The first went on in tank-mix with Ally (metsulfuron-methyl) and Bettaquat (chlormequat) when the flag leaf was just peeping out on May 8, and the second on the Saturday of the Jubilee weekend.
First nitrogen, 92kg/ha (74 units/acre) as urea, went on just before the last reasonable rain in March and a second dose of the same went on in early May. Rains return at the end of April could not have been better, says Mr Moore.
"We have been very fortunate. The biggest risk with late-drilled crops is a May drought, but it was dry when it needed to be and the crop has never stopped growing." Now it is on course for a budget busting 10t/ha (4t/acre) with savings on herbicides, pgrs and early fungicides in the bag thanks to late drilling.
"But the main thing we hope to save money on is with our fixed costs," he says. That is despite a new combine for the 263ha (650 acres) of combinable crops on the farm.
"It is not big and we got a good deal on it. We will look after it and keep it for 10 years. I am confident we can keep costs well under contractor charges."
April brings a drought doubt
DRY spring weather, gout fly and non-plough cultivation have left Lincs farm manager James Brook fearing his competition crop of Claire at Norton Place Estate will fall too short on yield to challenge the unit cost of production from the silt-land sowings of Mr Means and Mr Moore.
But the thinner canopy on the clay-loam soil has allowed disease control costs to be paired with excellent results. As of last week every tiller had five spotless leaves with only a little mildew visible in the base of the crop.
Opus (epoxiconazole) plus Twist (trifloxystrobin) has been the backbone of the programme so far, with 0.25 litre/ha and 0.4 litre/ha, respectively, applied as the T1 spray on Apr 23, followed by a 0.3 litre/ha and 0.5 litre/ha mix for the flag leaf on May 29.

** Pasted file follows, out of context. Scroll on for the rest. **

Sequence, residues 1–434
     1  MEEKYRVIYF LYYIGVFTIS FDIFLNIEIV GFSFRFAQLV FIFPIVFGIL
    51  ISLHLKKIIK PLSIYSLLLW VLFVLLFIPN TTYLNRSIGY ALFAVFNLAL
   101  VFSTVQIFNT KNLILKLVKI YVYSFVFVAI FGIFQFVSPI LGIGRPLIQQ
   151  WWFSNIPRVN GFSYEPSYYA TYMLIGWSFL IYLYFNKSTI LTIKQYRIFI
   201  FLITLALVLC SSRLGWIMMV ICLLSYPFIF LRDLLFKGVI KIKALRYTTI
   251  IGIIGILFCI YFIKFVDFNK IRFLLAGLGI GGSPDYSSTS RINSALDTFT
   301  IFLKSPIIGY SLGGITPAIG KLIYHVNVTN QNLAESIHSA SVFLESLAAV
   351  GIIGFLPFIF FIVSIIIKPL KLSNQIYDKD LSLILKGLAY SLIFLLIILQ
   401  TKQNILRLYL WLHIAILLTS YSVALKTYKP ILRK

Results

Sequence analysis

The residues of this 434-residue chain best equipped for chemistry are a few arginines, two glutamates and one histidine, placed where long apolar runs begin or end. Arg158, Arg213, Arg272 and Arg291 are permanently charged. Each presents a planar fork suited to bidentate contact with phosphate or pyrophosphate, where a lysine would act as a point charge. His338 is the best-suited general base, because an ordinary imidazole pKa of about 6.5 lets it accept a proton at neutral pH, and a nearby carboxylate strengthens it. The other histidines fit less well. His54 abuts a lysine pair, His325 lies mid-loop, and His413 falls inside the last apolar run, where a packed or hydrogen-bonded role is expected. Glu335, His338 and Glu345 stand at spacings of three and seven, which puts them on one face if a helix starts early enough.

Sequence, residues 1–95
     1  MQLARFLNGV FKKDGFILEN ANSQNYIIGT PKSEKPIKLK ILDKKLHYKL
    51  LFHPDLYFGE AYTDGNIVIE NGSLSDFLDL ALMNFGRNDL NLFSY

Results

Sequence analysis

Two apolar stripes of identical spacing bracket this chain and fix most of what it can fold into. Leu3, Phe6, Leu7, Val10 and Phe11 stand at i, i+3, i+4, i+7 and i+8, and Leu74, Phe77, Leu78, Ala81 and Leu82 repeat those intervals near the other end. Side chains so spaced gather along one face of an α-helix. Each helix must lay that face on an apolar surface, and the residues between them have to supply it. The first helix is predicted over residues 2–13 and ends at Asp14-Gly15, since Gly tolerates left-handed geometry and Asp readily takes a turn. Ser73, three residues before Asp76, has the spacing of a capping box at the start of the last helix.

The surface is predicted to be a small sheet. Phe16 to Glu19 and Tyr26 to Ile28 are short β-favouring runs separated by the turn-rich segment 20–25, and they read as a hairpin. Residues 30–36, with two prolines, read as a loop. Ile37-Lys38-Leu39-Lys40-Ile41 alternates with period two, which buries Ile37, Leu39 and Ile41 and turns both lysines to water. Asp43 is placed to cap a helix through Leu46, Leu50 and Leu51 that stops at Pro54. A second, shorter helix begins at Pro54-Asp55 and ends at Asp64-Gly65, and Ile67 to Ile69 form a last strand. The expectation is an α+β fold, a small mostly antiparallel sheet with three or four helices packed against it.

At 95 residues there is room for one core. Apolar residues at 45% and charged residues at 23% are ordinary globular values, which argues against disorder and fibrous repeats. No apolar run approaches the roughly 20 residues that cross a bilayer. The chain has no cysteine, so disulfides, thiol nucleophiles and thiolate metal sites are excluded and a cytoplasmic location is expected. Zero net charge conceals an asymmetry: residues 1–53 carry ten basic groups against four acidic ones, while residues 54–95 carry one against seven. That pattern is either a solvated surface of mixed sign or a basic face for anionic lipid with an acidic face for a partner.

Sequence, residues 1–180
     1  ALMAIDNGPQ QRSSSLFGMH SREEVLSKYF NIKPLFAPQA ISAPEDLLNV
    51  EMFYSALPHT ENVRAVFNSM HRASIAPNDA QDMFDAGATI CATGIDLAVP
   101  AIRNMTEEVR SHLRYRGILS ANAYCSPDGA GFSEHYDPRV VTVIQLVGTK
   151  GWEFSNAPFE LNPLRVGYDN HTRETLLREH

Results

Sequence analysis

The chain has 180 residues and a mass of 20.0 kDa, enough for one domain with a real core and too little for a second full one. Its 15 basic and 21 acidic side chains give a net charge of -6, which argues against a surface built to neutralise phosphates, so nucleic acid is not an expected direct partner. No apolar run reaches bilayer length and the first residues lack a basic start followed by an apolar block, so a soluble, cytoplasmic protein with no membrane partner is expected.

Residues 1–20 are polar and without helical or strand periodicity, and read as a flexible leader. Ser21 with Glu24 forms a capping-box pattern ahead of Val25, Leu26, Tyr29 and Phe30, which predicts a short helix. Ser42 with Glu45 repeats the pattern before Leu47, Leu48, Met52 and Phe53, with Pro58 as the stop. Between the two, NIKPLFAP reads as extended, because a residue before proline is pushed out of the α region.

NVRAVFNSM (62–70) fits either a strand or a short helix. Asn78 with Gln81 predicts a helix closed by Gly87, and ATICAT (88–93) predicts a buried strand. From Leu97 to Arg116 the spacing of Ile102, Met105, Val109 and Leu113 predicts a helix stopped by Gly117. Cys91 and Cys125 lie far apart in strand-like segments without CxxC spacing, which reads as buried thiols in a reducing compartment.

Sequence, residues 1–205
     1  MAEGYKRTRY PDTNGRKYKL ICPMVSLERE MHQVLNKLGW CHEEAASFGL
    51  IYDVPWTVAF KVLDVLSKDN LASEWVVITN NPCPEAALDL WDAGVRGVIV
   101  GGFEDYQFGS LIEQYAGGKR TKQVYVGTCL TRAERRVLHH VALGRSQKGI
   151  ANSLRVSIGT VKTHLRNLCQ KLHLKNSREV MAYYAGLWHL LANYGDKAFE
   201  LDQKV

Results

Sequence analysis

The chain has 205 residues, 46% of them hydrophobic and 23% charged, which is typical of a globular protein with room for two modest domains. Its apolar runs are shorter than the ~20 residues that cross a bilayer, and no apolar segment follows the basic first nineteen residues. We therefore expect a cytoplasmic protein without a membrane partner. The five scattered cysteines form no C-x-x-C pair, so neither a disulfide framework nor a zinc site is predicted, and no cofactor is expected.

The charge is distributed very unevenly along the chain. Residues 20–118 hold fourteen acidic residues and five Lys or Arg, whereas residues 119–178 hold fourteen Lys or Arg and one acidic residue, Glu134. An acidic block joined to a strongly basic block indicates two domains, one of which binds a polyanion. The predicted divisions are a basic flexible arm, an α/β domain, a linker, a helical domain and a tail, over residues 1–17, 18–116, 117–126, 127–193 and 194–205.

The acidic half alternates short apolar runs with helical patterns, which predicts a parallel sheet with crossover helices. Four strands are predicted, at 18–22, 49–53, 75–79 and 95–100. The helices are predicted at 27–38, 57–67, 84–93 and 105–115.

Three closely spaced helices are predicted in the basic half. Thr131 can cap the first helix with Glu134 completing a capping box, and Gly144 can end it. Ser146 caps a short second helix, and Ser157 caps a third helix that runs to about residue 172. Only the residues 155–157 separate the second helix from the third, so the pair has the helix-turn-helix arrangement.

Newer strobilurins were passed over on account of Claires good septoria and rust resistance and greater confidence in reduced rates with Twist based on ARC and HGCA work. "If it was Consort then we might have been tempted to try some Opera."
An ear-spray will go on soon with a reasonable rate of Amistar (azoxystrobin) used to prolong the green leaf area and eke out every possible bit of yield potential from the crop. "A lot of people try to make savings with the ear-spray but it is still a long time until harvest and I place a high value on it," stresses Mr Brook.
Autumn weed control of ipu plus CMPP has also worked well with no spring follow-up needed, despite the more open canopy than planned. But the crop is playing catch-up now and will need kind weather to keep it going if it is to yield anything like Mr Brooks original 10t/ha (4t/acre) target. "I reckon we have lost at least 1-2t/ha already," he says.